UK ‘could only join Horizon Europe with transition extension’

Former European Commissioner for trade argues that with UK-EU trade deal in 2020 impossible, research link relies on extra time

二月 21, 2020
Source: Alamy

The UK will only be able to join the European Union’s next research programme if its government seeks an extension to its transition agreement with the bloc, as reaching a wider deal is impossible in a year, according to a former European commissioner.

Karel De Gucht, a former commissioner for trade who is now president of the Institute for European Studies at the Vrije Universiteit Brussel (VUB), argued that with “level playing field” obligations designed to stop the UK undercutting the EU in fields such as workers’ rights and environmental regulations set to be the “battlefield” in the wider talks, there was no chance of reaching a free trade agreement by the end of 2020.

UK prime minister Boris Johnson has insisted that he will not allow the transition period, scheduled to last until 31 December, to be extended beyond this year. That presents a difficult timescale with regard to the UK’s prospects of joining EU programmes such as Horizon Europe, its next research programme, and the next Erasmus+ student and staff mobility programme, which both start on 1 January 2021. Any extension to the transition would have to be agreed by 1 July.

“If we want to do something with Horizon, with Erasmus, that will have to be on the basis of an extension of the present situation,” Professor De Gucht said. “Because I cannot see that you have anything in place before the end of the year.”

Professor De Gucht, a former deputy prime minister of Belgium, added: “Horizon…Erasmus and others – I can’t see you do it by the end of the year. But if you don’t do it by the end of the year, what’s then the status [on UK membership of the programmes] by the end of the year? Will you and the EU agree on a transition period or not?”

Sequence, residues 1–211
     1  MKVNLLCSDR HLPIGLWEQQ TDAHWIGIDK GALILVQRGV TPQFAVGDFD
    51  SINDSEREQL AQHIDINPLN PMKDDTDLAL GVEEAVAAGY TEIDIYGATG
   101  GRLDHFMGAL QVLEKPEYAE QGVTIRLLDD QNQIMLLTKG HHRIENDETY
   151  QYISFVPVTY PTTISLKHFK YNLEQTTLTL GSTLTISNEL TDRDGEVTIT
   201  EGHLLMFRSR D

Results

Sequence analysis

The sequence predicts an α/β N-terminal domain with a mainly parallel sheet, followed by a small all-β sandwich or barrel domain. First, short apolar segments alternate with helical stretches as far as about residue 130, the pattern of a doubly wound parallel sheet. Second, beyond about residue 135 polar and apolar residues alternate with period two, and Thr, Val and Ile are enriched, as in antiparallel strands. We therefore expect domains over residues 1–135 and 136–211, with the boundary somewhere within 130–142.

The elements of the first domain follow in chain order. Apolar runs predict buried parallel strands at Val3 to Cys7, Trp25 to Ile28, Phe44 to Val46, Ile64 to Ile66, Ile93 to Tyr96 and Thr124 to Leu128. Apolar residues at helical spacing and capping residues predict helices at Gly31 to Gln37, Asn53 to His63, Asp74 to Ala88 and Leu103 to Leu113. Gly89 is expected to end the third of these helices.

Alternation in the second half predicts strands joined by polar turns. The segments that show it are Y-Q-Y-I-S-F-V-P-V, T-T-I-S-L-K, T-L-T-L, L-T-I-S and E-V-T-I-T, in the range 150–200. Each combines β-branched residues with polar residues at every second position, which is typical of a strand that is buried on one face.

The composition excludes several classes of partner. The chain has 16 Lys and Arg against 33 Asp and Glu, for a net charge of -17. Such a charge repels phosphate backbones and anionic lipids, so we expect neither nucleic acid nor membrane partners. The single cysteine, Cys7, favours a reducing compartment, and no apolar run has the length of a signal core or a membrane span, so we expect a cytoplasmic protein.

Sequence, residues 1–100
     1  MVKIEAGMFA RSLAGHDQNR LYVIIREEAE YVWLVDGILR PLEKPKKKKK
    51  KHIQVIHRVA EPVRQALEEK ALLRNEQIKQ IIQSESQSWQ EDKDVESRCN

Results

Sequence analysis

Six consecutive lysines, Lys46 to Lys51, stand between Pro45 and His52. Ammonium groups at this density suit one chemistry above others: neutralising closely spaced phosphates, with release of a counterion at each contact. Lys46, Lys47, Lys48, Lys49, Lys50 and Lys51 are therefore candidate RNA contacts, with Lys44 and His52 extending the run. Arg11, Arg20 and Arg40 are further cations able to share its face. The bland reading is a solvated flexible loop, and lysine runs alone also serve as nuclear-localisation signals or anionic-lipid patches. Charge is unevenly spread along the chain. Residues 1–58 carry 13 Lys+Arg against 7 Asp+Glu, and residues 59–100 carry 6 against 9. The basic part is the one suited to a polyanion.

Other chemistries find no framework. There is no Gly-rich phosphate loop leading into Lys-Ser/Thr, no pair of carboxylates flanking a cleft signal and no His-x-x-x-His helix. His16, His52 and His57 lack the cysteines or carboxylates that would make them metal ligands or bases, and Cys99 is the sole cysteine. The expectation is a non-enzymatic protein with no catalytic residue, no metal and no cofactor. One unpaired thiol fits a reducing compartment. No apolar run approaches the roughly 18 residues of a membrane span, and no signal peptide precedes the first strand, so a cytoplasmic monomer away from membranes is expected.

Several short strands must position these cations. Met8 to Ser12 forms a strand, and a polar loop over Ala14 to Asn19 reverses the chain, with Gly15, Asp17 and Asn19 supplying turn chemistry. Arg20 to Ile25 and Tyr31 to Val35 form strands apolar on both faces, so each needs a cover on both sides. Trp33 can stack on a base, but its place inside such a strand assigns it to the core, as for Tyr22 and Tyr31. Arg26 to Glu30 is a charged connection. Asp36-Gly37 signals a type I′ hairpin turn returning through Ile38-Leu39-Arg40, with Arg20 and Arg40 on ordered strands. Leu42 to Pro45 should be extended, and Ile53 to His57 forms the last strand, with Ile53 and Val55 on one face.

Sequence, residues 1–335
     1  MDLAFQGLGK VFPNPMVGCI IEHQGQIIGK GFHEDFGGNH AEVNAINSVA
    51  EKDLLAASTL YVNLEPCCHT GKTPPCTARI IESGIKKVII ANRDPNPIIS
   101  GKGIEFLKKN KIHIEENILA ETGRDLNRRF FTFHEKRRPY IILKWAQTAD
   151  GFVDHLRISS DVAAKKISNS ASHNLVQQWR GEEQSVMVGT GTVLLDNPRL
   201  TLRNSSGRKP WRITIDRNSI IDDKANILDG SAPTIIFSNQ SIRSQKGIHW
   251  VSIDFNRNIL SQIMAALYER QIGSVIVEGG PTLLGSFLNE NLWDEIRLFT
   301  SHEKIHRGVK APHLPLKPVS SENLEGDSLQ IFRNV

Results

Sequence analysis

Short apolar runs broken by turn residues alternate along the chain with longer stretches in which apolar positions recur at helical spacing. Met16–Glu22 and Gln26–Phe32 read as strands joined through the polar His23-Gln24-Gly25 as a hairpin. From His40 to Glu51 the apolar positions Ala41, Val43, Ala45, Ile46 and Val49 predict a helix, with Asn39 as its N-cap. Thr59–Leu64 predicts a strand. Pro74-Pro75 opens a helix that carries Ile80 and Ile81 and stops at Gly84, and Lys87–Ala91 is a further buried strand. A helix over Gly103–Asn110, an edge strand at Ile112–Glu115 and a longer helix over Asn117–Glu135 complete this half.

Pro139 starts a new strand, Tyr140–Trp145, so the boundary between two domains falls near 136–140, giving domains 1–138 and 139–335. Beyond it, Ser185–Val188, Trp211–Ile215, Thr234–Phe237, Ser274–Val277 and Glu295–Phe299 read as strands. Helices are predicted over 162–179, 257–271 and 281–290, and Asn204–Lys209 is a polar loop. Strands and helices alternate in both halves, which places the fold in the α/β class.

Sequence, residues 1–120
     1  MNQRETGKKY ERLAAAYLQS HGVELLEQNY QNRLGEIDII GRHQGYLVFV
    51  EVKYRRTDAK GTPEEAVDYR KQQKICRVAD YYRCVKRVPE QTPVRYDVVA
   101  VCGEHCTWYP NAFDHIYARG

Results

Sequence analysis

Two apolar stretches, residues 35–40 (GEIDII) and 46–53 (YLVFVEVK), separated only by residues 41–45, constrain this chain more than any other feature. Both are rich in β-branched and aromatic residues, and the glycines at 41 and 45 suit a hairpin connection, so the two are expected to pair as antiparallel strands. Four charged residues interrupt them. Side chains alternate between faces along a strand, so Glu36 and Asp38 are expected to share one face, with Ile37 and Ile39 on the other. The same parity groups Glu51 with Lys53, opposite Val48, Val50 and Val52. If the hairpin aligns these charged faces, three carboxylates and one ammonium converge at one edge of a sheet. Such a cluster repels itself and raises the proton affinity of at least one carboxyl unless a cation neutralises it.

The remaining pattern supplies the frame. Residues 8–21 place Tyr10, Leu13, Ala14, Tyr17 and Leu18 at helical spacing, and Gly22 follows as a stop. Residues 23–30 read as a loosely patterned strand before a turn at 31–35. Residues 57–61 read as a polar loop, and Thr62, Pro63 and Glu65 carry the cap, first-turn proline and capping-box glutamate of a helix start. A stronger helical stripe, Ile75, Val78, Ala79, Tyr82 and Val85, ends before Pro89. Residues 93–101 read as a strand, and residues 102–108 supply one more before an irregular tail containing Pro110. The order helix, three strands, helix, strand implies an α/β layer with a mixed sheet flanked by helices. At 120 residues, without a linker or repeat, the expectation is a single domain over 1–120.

The high degree of complexity in the free trade talks would make agreement by the end of 2020 impossible, argued Professor De Gucht, who was lead negotiator on the Transatlantic Trade and Investment Partnership, the EU’s proposed trade deal with the US. “The whole negotiation on the level playing field provisions is about social rights, it’s about state aid, it’s about competition, it’s about the role of the European Court of Justice,” he added.

Professor De Gucht also criticised the EU for taking too “rigid” an approach to a potential association agreement with the UK, in the drive to prevent the latter from gaining more financially than it contributes.

Proposed EU rules on association state that there will be “an automatic correction of any significant imbalance compared to the amount that entities established in the associated country receive through participation in the programme”.

“I don’t think this is necessarily the best way to do this,” Professor De Gucht said. “Because, first of all, you should look at the quality of the projects.”

On Erasmus+, he said: “I think the essential condition the EU27 will be putting is that, with respect to all the people [involved in] Erasmus, there should be free movement of people. Not only the students, but also the [lecturers]…That probably will be a sticky point.”

Professor De Gucht spoke to Times Higher Education before giving a lecture at the University of Warwick’s Warwick Business School base in The Shard, London. Warwick and VUB are both members of the Eutopia European University network, which has won funding from the EU.

john.morgan@timeshighereducation.com

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